Taking Back the Streets One Bicycle at a Time

Coming from me, you’d assume that an item about bicycles would be Minneapolis-related, but it’s not! It’s about Detroit!

Believe it or not, people in the Car Capital of the World love their bikes. And there is a huge movement to create a culture here that is friendlier to two wheels than four.

One such project would develop about 400 miles of bicycle lanes throughout Detroit. All it would take is some paint, new signs and a little cash, said Scott Clein, who heads the Detroit office of Giffels-Webster Engineers.

The firm, along with other key partners, mapped out every one of those miles with the city’s cooperation and a Michigan Department of Transportation grant. Clein and a support staff spent 18 months on the project, studying Detroit and trying to connect its waterways, landmarks and neighborhoods.

I frankly can’t fathom biking around Detroit. Like, can you see one of Eight Mile’s four lanes (in each direction) or one of Telegraph Rd’s four lanes (in each direction) being a bike lane? Or turning the dividing section in the middle of those roads into a bike highway (except that would totally screw with the Michigan Left)?

This is Eight Mile Rd, just east of Telegraph, looking back west. Four lanes in both directions, a boulevard in the middle, and a “Michigan left” just ahead of you.



Over the past weekend, an estimated 2,000 cyclists came to the city for the 8th annual Tour De Troit – nearly double the number that showed up last year. Its goal is in part is to raise funds for the Corktown-Mexicantown Greenlink, which could link these key communities to the Detroit riverfront.

One great example already exists. The Dequindre Cut Greenway, an urban recreational path, officially opened in May. The 1.2-mile greenway, developed through a public, nonprofit and private partnership, offers a pedestrian link between the Riverfront, Eastern Market and many of the adjacent residential neighborhoods. Formerly a Grand Truck Railroad line, the Dequindre Cut is a below-street level path that features a 20-foot-wide paved pathway, which includes separate lanes for pedestrian and bicycle or rollerblading traffic.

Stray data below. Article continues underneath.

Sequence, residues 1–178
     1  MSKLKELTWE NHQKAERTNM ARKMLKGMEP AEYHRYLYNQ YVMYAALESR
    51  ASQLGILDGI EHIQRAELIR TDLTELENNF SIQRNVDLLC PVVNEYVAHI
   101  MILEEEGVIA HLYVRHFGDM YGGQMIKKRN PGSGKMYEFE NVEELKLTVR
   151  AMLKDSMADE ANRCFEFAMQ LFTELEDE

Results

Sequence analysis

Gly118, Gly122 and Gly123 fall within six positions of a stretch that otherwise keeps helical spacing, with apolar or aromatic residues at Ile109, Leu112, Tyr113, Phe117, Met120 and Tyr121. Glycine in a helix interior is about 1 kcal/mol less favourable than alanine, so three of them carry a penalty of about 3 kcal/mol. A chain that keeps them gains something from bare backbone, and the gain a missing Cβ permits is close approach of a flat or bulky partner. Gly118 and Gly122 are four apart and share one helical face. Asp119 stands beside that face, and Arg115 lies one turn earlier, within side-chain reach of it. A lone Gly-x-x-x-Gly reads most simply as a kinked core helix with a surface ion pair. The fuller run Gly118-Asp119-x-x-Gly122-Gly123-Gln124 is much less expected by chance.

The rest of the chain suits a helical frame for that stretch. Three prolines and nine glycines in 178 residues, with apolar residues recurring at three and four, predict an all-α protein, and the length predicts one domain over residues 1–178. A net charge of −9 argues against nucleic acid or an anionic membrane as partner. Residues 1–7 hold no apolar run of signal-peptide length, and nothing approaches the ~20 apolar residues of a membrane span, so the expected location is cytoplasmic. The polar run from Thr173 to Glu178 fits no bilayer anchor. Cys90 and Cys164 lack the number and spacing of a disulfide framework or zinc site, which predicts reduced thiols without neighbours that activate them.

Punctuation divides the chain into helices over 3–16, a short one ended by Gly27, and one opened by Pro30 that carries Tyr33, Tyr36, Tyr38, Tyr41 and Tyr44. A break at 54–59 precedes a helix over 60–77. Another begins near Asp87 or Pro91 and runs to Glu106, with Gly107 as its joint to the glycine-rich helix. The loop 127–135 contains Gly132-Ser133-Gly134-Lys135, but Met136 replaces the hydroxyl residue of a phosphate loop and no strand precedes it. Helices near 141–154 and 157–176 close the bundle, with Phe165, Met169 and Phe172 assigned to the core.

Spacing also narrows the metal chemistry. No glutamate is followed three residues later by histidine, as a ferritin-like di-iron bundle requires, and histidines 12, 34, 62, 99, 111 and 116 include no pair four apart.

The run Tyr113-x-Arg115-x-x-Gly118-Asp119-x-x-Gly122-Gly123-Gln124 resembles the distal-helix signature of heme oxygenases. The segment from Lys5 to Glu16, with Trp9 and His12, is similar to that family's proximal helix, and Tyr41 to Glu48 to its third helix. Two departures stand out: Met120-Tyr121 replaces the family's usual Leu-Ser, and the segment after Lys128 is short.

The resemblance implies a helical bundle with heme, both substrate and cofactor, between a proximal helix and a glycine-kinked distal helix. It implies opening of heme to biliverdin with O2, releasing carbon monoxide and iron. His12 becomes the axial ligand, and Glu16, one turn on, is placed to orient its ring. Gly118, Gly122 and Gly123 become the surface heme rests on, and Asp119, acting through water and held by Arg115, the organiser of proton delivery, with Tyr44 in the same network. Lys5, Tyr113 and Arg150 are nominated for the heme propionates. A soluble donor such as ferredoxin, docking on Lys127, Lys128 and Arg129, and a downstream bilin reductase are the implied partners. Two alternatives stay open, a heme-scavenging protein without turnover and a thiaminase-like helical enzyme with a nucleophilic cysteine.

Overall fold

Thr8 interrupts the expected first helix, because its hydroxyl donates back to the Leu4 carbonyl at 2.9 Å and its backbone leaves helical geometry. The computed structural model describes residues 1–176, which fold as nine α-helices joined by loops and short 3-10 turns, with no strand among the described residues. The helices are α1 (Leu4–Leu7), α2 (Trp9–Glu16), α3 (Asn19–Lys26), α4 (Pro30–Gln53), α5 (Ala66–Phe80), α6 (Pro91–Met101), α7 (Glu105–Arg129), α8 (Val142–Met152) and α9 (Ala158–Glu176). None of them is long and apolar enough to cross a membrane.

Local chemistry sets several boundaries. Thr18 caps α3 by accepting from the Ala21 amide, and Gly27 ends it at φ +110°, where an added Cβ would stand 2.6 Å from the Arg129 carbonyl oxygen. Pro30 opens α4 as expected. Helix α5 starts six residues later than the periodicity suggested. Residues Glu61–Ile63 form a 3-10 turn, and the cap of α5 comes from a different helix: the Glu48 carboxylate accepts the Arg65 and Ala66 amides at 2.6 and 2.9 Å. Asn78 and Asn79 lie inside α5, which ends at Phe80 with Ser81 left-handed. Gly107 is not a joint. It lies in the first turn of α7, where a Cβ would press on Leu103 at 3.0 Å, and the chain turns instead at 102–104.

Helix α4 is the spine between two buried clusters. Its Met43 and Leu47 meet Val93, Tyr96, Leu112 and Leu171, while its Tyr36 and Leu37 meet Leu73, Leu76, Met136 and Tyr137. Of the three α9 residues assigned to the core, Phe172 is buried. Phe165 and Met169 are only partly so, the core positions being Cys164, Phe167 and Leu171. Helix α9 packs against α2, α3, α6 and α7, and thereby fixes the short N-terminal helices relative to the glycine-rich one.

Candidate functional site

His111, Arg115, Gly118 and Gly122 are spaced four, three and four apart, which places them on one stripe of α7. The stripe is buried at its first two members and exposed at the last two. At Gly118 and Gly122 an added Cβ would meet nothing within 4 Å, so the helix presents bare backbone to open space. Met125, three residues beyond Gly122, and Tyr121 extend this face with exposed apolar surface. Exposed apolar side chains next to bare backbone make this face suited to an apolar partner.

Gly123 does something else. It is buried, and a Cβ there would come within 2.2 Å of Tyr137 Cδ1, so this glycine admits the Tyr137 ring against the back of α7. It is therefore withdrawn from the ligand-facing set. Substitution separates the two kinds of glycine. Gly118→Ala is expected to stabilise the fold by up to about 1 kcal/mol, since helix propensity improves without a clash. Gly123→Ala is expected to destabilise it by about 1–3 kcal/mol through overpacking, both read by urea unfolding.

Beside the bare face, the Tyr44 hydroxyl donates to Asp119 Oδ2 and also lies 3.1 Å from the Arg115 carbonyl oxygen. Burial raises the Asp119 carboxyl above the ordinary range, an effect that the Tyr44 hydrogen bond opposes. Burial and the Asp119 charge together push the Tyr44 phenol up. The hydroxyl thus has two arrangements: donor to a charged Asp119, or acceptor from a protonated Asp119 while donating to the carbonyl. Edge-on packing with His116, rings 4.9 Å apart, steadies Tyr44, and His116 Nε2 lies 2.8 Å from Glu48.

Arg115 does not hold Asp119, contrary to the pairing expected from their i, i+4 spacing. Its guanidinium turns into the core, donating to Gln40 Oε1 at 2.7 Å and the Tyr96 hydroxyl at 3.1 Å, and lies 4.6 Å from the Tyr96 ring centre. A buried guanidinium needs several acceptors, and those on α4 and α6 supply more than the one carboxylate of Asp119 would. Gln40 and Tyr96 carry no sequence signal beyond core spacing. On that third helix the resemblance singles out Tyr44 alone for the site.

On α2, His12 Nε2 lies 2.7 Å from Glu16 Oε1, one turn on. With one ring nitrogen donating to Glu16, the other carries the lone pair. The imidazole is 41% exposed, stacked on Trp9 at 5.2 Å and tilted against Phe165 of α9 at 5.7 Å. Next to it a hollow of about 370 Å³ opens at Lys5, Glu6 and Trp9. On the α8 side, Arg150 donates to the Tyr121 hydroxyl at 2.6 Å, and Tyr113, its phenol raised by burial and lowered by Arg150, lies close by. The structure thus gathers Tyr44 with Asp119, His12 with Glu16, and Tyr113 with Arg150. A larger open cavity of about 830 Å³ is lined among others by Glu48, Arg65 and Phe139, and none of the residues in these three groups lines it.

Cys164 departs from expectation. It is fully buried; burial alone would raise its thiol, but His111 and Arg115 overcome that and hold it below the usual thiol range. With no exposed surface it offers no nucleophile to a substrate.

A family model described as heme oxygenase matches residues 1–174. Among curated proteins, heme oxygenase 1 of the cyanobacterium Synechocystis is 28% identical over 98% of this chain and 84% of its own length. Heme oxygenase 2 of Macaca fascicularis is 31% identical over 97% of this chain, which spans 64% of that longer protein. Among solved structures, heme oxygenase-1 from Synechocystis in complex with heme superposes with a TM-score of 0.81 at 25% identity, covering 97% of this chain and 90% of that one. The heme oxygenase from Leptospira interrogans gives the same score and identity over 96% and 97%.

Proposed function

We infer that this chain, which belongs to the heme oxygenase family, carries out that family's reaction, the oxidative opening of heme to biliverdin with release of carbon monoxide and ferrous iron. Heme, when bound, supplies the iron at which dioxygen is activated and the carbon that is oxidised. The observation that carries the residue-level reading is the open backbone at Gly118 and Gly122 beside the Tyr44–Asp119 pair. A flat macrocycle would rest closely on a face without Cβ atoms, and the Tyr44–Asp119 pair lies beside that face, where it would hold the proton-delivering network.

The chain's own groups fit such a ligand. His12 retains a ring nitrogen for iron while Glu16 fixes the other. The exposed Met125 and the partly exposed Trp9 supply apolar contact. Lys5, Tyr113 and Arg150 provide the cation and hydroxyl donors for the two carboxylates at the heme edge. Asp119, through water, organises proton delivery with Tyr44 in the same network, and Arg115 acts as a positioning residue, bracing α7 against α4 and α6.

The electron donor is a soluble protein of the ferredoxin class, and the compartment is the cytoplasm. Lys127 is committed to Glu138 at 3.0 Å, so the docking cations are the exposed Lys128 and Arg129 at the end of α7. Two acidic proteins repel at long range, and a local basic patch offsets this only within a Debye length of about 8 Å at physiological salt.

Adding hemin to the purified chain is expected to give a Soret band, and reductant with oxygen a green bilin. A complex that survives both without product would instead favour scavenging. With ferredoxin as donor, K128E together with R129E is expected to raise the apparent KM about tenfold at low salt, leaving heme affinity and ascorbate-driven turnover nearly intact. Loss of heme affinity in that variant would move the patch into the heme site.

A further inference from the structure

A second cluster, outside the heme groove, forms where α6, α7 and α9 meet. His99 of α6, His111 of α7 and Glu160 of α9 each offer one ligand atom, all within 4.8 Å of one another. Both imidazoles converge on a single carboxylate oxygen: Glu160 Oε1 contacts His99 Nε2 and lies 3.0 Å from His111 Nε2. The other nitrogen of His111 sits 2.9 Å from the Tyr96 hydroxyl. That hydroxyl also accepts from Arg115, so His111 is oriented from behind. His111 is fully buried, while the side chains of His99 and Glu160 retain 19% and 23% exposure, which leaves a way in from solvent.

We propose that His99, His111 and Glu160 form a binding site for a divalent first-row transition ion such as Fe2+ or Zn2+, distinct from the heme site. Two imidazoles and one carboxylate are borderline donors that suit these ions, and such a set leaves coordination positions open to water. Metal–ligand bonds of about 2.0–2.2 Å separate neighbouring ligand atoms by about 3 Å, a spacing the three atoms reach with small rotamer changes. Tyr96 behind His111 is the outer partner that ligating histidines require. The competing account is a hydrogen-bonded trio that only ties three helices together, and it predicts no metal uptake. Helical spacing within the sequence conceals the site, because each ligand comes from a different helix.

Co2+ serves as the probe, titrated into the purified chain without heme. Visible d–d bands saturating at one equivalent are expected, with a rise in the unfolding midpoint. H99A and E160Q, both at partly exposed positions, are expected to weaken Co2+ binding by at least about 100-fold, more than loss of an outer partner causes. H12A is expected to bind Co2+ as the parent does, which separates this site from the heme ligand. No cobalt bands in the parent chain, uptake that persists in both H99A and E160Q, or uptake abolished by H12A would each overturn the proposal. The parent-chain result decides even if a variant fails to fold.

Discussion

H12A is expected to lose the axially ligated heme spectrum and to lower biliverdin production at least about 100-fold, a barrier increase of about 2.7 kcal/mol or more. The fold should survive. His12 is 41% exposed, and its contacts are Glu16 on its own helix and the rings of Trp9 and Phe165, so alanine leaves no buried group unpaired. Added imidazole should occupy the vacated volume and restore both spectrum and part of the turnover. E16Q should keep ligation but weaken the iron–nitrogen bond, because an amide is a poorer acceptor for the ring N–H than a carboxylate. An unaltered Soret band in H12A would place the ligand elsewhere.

I must see this on my next trip home. Even though it’s waaaay on the east side, and my folks live waaaaay on the west side, and I’ll surely have to drive to it.

The comments are good, too. I appreciated the discussion about the appropriateness of spending money on these types of projects (and the sources of funding) given the financial difficulties the city faces.

Simply reading Detroit bikers comment on where they live and ride reminds me of the scale of the area we’re talking about. From my parents’ house in the northest/westest corner of the city to most points downtown or on the east side is 15+ miles. 15 miles from downtown Minneapolis gets you to the I-494/I-694 loop that generally separates the first-ring and second-ring suburbs. Detroit is just so much bigger.

This also reminds me that I haven’t spent any of my adult life in Detroit (except for that one year I was unemployed, which didn’t count). I have no desire to move back, but I really wonder what it would be like to live and work downtown or somewhere else that’s not the suburbs where the Catholic schools I attended are. What would it be like to live in a part of Detroit that actually mirrors many of the things that I like best about Minneapolis?

This article has kind of blown my mind grapes.


Hart said...

Detroit will be the ciclovia capital of the midwest in ten years, mark my words.

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